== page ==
Moomin boom boosts British charity

A special double edition of two stories by the beloved author Tove Jansson has been released in the UK, and already nearly tops the charts of book retailer Waterstones. The proceeds from the special edition sales will be donated to the Oxfam charity. A translation into the Kinyarwanda language is also gaining popularity in Rwanda.

The ever-popular family of creatures known as Moomins continues to take the world by storm in what has been dubbed a "Moomin boom". This time the characters created by Finnish author Tove Jansson are pairing with charity organisation Oxfam to improve the lives of women worldwide  - writes

A new double edition of two Moomin stories,The Invisible ChildandThe Fir Tree, has become an overnight bestseller at British book retail chain Waterstones and is currently selling at #2, just after chef Jamie Oliver's newest book of recipes.

Waterstones reports that sales have been high both in shops and online stores. A new printing of the book has already been ordered and the order size doubled.

"The Invisible Childis about a little girl who turns invisible after being badly treated by the woman supposedly caring for her," the official Moomin site writes. "She is given a place to stay at the Moominhouse and, when shown warmth, kindness and respect by the Moomin family, she gradually reappears and regains her place in the world – a right that every woman and girl should have."

"The Invisible Child is one of Jansson's most beloved short stories, and suits the campaign well," says Moomin Characters creative director Sophia Jansson, the lauded author's neice. "And British children's book audiences have been familiar with the Moomins since the 1950s."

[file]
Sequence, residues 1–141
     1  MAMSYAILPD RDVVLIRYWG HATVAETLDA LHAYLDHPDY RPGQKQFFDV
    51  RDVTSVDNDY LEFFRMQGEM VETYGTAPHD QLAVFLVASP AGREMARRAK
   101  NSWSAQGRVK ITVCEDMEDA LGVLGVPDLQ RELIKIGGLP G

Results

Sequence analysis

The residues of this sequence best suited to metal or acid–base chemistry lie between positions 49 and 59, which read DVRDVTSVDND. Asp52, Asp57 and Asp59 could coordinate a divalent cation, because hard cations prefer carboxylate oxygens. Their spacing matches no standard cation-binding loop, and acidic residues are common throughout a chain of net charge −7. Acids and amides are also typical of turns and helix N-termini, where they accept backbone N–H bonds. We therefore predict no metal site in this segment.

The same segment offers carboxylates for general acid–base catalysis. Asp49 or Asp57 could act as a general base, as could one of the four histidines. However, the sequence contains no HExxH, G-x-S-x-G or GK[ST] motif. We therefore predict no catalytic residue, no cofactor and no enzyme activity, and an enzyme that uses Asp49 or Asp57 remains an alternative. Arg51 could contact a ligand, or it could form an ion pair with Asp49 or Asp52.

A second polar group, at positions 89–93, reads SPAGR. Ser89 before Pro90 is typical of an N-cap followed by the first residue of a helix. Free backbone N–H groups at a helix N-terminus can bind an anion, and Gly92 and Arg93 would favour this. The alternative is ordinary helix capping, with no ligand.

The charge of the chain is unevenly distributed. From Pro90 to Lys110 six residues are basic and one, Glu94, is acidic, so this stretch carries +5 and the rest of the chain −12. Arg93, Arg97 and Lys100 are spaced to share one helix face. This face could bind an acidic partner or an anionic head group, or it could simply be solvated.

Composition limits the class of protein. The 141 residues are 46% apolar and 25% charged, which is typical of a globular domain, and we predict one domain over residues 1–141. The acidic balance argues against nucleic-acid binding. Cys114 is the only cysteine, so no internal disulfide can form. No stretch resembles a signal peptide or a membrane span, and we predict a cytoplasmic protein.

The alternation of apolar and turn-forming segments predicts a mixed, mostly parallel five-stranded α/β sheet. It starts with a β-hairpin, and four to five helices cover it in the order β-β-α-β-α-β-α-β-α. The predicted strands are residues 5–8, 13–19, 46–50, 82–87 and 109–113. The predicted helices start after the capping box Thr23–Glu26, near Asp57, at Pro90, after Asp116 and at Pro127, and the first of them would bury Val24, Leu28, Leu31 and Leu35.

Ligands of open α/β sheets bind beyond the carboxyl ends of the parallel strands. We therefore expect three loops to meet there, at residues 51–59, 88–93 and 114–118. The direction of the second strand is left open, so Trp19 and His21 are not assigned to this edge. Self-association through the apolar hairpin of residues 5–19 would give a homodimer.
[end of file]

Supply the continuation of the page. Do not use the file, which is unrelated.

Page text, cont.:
The UK boasts a long history of donating to charities, and Jansson says that purchasing the new book is a way for consumers to demonstrate their values.

The target sum for the Oxfam campaign is 200,000 euros.

Moomins in Rwanda

The specific projects which the campaign will fund have not yet been decided. Oxfam focuses on developing countries all over Africa, Asia and South America.

One of the potential countries to benefit from the Moomin boom is Rwanda in east Africa. Jansson visited an Oxfam office there earlier this year and met with a cooperative of local female pineapple farmers.

The women say they were easily able to follow the fanciful and touching story of Ninni in The Invisible Child in its Kinyarwanda translation when they read the story aloud at a meeting.

Jansson says she hopes that the Oxfam campaign is only the beginning of a longer combined charity effort.

"Most of the world is still quite unaware of the Moomins," Jansson says. "I'd say that the world needs a splash of Tove's philosophy now more than ever."

Read more news of Helsinki here.
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